If you want to get further involved than that, take a look at for information on how you can join Debian in a more official way.

  2. btm Post author

    @the paul,

    Most work requires getting someone to pay attention. If you fix a bug, even if you do all the work possible and create a dpatch or quilt patch file that just needs to be dropped in, you still need to get someone to do it.

    I’ve recently put effort into helping with packaging, but it’s still a matter of needing to know someone. Sending an RFS doesn’t put you in any sort of queue, someone has to be feeling nice and want to look over your packaging for you.

    Becoming a maintainer requires you go through a lot of these steps, which are heavily social. In the end, you have to be driven to want to help (or maybe want power of some kind?) to contribute. The challenge of learning to do everything the debian way is hard enough on it’s own.

  3. the paul

    Yeah, contribution does require some social steps; at the minimum, e-mailing people and asking them to accept work, or posting fixes, links, or information on a wiki or the BTS.

    But I don’t know of any other software projects- open source or otherwise- to which it is any easier to contribute in a social vacuum. If you have some good ideas in that arena, I’d be happy to pass them on.

    A side note regarding motivation- when I joined Debian, it wasn’t for power or even through a desire to help. I used Debian, and I wanted it to get better, and the best way to make it better was to share my improvements with the rest of the community so my work could be inspected, further improved by others, and so on.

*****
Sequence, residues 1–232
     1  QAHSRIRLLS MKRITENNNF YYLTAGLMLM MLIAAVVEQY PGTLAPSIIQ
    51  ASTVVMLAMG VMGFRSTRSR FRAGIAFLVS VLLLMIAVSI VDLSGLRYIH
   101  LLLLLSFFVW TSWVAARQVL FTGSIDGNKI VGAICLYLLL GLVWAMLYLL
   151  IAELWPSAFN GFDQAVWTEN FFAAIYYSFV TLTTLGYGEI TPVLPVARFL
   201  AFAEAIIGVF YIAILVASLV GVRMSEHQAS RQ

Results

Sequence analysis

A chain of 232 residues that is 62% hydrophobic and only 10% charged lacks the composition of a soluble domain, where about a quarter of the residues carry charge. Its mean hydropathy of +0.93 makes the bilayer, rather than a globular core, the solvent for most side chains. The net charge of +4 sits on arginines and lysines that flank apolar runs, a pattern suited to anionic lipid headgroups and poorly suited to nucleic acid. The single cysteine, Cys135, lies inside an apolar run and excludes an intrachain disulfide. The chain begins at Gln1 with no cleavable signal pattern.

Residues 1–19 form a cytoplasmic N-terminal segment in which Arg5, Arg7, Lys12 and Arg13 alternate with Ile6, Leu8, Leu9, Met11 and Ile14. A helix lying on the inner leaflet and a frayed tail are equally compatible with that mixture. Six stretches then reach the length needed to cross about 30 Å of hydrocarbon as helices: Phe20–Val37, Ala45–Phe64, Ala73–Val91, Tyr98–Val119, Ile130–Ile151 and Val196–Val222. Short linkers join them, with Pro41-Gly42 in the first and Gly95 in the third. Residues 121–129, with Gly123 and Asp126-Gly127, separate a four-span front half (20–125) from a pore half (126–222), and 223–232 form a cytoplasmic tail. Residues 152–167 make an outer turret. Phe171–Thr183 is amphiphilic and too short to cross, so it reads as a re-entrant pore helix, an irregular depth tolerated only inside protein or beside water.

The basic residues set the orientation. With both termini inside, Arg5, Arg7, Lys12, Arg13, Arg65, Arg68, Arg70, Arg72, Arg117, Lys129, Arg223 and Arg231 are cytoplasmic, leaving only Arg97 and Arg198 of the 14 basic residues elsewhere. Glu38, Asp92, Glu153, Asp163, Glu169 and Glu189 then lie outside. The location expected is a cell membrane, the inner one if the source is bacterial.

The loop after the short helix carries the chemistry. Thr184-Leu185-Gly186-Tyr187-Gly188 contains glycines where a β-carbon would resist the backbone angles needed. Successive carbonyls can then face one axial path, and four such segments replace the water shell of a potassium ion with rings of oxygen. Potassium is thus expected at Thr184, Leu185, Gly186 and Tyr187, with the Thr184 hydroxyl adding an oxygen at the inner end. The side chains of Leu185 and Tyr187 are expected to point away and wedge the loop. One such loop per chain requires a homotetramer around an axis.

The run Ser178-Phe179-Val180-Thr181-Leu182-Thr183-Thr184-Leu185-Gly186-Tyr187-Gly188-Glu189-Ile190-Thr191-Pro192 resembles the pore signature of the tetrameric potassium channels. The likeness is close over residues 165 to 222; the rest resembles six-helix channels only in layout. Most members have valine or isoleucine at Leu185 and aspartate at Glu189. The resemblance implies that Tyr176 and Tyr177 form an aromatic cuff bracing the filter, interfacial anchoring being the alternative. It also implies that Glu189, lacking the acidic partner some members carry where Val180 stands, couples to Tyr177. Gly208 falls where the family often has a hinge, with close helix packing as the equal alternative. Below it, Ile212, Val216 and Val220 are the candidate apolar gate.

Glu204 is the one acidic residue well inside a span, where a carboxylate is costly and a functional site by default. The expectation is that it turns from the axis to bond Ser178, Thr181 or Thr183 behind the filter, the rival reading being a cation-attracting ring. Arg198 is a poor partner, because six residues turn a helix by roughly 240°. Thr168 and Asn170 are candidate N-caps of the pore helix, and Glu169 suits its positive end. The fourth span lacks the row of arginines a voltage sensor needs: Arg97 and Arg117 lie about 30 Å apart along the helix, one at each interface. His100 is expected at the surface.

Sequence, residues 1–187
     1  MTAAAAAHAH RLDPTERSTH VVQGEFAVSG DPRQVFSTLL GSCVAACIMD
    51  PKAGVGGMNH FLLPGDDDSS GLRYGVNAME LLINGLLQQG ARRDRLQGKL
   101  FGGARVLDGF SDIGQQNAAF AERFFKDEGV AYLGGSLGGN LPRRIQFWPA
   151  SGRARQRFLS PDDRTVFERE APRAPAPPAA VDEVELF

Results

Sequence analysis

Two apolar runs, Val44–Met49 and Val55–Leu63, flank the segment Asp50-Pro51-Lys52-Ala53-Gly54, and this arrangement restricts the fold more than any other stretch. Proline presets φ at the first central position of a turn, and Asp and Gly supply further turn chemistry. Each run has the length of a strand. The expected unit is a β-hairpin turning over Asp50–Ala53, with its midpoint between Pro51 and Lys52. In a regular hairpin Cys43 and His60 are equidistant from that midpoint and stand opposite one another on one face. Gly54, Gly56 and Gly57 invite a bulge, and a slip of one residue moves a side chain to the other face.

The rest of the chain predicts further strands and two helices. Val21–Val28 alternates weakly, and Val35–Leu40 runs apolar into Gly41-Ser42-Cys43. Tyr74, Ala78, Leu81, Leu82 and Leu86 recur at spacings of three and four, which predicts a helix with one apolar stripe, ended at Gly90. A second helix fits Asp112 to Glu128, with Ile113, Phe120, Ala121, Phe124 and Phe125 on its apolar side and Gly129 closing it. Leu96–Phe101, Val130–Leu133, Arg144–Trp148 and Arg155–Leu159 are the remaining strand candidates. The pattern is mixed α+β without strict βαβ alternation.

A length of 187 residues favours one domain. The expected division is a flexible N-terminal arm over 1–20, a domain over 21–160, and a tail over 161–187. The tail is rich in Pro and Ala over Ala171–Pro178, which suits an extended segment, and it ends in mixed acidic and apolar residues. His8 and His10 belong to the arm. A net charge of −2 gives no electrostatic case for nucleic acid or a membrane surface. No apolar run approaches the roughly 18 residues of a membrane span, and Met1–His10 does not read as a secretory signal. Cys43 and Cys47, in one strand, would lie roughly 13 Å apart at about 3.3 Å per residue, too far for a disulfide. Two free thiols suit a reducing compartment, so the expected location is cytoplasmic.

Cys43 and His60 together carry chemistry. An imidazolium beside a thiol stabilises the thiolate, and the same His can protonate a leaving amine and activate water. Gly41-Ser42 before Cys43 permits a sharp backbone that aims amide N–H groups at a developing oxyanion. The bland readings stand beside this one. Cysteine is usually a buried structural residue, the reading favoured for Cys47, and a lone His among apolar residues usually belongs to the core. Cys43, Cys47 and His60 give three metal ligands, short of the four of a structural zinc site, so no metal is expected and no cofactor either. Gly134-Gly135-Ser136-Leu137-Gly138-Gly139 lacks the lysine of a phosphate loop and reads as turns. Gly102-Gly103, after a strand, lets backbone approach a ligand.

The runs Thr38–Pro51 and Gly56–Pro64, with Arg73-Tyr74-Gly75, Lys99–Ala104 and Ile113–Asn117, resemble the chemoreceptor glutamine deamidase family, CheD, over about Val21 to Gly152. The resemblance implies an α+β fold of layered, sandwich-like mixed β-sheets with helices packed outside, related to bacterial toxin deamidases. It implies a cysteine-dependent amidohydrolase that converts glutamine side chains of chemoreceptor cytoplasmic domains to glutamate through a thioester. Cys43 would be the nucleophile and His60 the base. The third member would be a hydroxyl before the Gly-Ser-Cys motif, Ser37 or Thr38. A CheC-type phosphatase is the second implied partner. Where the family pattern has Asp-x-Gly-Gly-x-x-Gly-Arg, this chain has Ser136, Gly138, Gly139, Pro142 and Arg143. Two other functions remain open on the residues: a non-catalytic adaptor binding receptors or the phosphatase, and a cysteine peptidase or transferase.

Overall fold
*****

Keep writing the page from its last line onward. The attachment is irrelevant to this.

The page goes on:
Anyway, as I neglected to mention above, thanks for this post. It came in handy today.

  4. btm Post author

    And while there’s a lot of documentation out there for using the smorgasborg of debian tools, it takes a bit of “try, try, try again”. When I posted to DRE offering to help, nobody responded. I took that to mean that I would need to find my own way to help.

    When I later posted an RFS for a ruby package, I got a couple suggestions from non-DDs.

    So I’ve fiddled with the packaging a bit more, and in the interim found someone I know who is a DD who promised to look at the packages when I was ready again (holidays).

    I understand the difficulties with educating a group of users where you can’t tell if it will be worth it or not. However my time is valuable as well and always goes to the projects that I get responses from. From the outside looking in, it’s likely a social problem. It’s too easy to forgot how difficult it can be when you have experience dealing with a problem.

    I suppose when someone emails an RFS, it should be tied (cc’d) by policy to the ITP bug. There should be some way to search for ITPs with an associated RFS, a state. If a bug remains in that state without any comment for a certain period of time it should send out a reminder or at least be searchable for that fashion and a group of DDs should regularly watch this result, trying to discover why the process has stalled.

    I suppose this is kind of like the volunteers on launchpad who don’t actually resolve bugs, but manage ensuring that all the information is collected that a developer would need to fix the bug.

Leave a Reply

Your email address will not be published. Required fields are marked *

Time limit is exhausted. Please reload the CAPTCHA.